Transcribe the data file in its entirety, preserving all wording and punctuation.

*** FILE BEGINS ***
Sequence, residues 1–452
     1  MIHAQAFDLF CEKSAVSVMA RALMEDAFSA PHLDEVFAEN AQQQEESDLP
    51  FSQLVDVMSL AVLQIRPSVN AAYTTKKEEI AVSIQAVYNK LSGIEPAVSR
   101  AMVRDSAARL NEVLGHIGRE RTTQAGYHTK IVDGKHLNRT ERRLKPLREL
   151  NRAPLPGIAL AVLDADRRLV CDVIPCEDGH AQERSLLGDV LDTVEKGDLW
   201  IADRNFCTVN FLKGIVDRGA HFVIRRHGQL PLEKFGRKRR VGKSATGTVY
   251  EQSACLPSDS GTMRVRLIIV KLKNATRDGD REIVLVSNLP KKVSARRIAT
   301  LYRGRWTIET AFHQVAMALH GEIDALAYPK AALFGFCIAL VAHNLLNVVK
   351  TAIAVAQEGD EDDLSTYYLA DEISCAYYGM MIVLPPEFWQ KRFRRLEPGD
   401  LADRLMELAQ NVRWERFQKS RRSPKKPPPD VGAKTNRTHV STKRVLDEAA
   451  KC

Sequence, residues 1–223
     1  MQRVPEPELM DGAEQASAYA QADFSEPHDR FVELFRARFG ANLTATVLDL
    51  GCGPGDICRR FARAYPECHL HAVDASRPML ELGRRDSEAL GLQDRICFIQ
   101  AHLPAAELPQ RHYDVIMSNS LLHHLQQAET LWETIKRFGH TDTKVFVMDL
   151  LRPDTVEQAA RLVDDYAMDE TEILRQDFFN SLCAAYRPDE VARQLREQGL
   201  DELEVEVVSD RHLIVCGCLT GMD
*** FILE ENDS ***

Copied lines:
Sequence, residues 1–452
     1  MIHAQAFDLF CEKSAVSVMA RALMEDAFSA PHLDEVFAEN AQQQEESDLP
    51  FSQLVDVMSL AVLQIRPSVN AAYTTKKEEI AVSIQAVYNK LSGIEPAVSR
   101  AMVRDSAARL NEVLGHIGRE RTTQAGYHTK IVDGKHLNRT ERRLKPLREL
   151  NRAPLPGIAL AVLDADRRLV CDVIPCEDGH AQERSLLGDV LDTVEKGDLW
   201  IADRNFCTVN FLKGIVDRGA HFVIRRHGQL PLEKFGRKRR VGKSATGTVY
   251  EQSACLPSDS GTMRVRLIIV KLKNATRDGD REIVLVSNLP KKVSARRIAT
   301  LYRGRWTIET AFHQVAMALH GEIDALAYPK AALFGFCIAL VAHNLLNVVK
   351  TAIAVAQEGD EDDLSTYYLA DEISCAYYGM MIVLPPEFWQ KRFRRLEPGD
   401  LADRLMELAQ NVRWERFQKS RRSPKKPPPD VGAKTNRTHV STKRVLDEAA
   451  KC

Sequence, residues 1–223
     1  MQRVPEPELM DGAEQASAYA QADFSEPHDR FVELFRARFG ANLTATVLDL
    51  GCGPGDICRR FARAYPECHL HAVDASRPML ELGRRDSEAL GLQDRICFIQ
   101  AHLPAAELPQ RHYDVIMSNS LLHHLQQAET LWETIKRFGH TDTKVFVMDL
   151  LRPDTVEQAA RLVDDYAMDE TEILRQDFFN SLCAAYRPDE VARQLREQGL
   201  DELEVEVVSD RHLIVCGCLT GMD